The British heritage is evident everywhere, from the flag to the table, and no more than in this dish. It's pub fare at its best, but just as easy to make at home.

Use whatever smoked fish you want, but haddock, cod or another white variety would be best - salmon and herring are probably too strong for the light sauce. Fresh fish in this would be equally delicious, but a different recipe altogether. This amount serves about 4.

Fish Base:

1-1/2 lbs. smoked white fish
2 cups milk (divided)
2 tbsp. butter or margarine
1 small onion, minced
1/4 cup flour
1/2 tsp. freshly ground black pepper
large handful of chopped fresh Italian flat-leaf parsley
1 tbsp. lemon juice

Potatoes:
4 large yellow potatoes
1/2 cup coffee cream
2 tbsp. butter or margarine
1/4 cup sharp cheddar cheese

Place fish in a shallow pot and cover with 1 cup of the milk. Cover and poach over low heat about 10 minutes. Remove from heat. Drain, reserving 1 cup of the cooking liquid.

When the fish is cool enough to touch, break it into large flakes and set aside. Melt butter in the same pot and fry onion until softened. Stir in flour and cook for a minute. Whisk in remaining 1 cup milk along with the reserved cup of cooking liquid from the fish. Bring to a simmer and cook over low heat, stirring, until thickened and smooth. Add pepper and check for salt; add a little if needed. Add parsley and lemon juice then gently stir in fish.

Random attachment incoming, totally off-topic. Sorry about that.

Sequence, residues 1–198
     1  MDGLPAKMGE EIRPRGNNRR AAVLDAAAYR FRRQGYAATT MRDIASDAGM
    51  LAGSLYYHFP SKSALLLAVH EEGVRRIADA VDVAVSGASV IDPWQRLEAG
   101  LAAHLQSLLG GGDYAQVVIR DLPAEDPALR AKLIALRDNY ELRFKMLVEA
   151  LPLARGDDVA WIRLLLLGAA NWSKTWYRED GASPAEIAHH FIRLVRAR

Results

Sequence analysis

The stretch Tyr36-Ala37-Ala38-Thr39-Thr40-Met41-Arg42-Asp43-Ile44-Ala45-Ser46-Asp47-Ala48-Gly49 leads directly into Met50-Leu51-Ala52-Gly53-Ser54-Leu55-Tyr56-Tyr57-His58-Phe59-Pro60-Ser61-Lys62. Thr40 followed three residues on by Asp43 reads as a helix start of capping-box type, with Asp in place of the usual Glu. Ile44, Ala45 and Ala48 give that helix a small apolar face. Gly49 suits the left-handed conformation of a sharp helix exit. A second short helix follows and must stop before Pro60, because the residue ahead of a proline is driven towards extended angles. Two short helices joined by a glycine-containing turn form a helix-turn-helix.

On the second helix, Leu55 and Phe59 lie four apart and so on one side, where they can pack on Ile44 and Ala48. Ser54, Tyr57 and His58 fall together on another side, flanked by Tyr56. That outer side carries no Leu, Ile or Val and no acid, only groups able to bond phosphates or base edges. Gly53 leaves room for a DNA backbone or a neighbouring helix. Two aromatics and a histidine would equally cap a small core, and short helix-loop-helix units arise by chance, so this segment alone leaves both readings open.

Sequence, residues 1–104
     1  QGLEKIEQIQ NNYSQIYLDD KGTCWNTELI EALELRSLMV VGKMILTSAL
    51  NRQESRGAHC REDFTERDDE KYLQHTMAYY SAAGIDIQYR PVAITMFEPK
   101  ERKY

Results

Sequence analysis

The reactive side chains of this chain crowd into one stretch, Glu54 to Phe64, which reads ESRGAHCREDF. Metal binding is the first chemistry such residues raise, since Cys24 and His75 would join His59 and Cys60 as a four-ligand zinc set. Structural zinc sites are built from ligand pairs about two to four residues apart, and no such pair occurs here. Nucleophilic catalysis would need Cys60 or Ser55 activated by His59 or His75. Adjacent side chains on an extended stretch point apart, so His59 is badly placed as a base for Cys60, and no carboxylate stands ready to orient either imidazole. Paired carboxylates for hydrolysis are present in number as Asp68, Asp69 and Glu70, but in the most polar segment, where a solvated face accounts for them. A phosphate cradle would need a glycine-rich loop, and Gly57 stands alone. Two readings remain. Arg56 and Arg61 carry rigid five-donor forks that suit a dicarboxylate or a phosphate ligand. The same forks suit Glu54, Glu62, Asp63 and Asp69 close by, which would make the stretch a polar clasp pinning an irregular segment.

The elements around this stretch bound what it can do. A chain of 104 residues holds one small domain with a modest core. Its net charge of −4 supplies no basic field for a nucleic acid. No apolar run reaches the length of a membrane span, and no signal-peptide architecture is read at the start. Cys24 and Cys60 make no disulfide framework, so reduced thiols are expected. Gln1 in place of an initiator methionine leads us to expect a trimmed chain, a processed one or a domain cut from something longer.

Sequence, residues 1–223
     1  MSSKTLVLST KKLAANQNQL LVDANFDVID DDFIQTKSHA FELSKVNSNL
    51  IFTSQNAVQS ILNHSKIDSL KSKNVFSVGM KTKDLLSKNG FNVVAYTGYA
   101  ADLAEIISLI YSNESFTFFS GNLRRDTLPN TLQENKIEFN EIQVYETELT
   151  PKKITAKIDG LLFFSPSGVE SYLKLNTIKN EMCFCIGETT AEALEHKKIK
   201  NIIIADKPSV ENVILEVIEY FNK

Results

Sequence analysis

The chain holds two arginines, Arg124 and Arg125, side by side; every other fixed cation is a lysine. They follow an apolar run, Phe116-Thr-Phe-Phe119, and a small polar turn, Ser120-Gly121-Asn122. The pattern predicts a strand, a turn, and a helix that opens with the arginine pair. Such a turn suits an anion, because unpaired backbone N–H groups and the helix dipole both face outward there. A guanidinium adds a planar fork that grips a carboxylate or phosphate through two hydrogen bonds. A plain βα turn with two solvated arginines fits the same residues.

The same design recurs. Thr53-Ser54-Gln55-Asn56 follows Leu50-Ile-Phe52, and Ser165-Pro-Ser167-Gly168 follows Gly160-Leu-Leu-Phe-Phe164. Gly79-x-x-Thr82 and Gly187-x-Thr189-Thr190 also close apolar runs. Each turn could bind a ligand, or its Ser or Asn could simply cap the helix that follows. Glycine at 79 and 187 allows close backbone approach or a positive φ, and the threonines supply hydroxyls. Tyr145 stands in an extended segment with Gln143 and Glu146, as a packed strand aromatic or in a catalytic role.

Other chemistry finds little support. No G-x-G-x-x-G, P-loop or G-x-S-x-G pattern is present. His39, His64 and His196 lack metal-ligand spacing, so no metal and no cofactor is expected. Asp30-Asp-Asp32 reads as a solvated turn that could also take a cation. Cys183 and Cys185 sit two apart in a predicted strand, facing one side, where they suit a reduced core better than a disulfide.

Pour into a greased casserole dish. For the topping, boil potatoes in salted water until very tender - dicing them first reduces the cooking time. Mash with cream and butter and spoon on top of fish layer. Drag a fork along the top to make deep grooves and sprinkle on the cheese. Bake at 350 F for 20 minutes.

Golden Syrup Dumplings
Australians love their sweets and they love to talk about them. A chance encounter in a restaurant led to a fellow patron writing down this recipe for me and I couldn't wait to try it. You'll enjoy these with a little whipping cream - unwhipped - poured over top.

1 cup flour
1-1/4 tsp. baking powder
pinch salt
1 tbsp. cool unsalted butter
1 egg
1/4 cup milk
Sauce:
1-1/2 cups light corn syrup
1/2 cup water
1/4 cup butter or margarine (add a pinch of salt if using unsalted butter)

Sift together flour, baking powder and salt. Cut in butter using a small food processor, pastry blender or your fingertips. Whisk egg into milk and add to flour mixture, tossing lightly until mixed. With well-floured hands, pinch off small bits (maybe a little smaller than a golf ball) and roll into rounds - don't overwork the dough. Set aside on a piece of waxed paper. Bring the sauce ingredients to a boil in a large pot or frying pan. Drop in the dumplings all at once. Reduce heat to low, cover and cook 10 minutes. Open the lid and flip over the dumplings then cover and cook another 10 minutes.

Cynthia Stone is a writer, editor and teacher in St. John's. Questions may be sent to her c/o The Telegram, P.O. Box 86, St. John's, NL, A1E 4N1.

Organizations: The Telegram

Geographic location: Australia, China, Japan Thailand India St. John's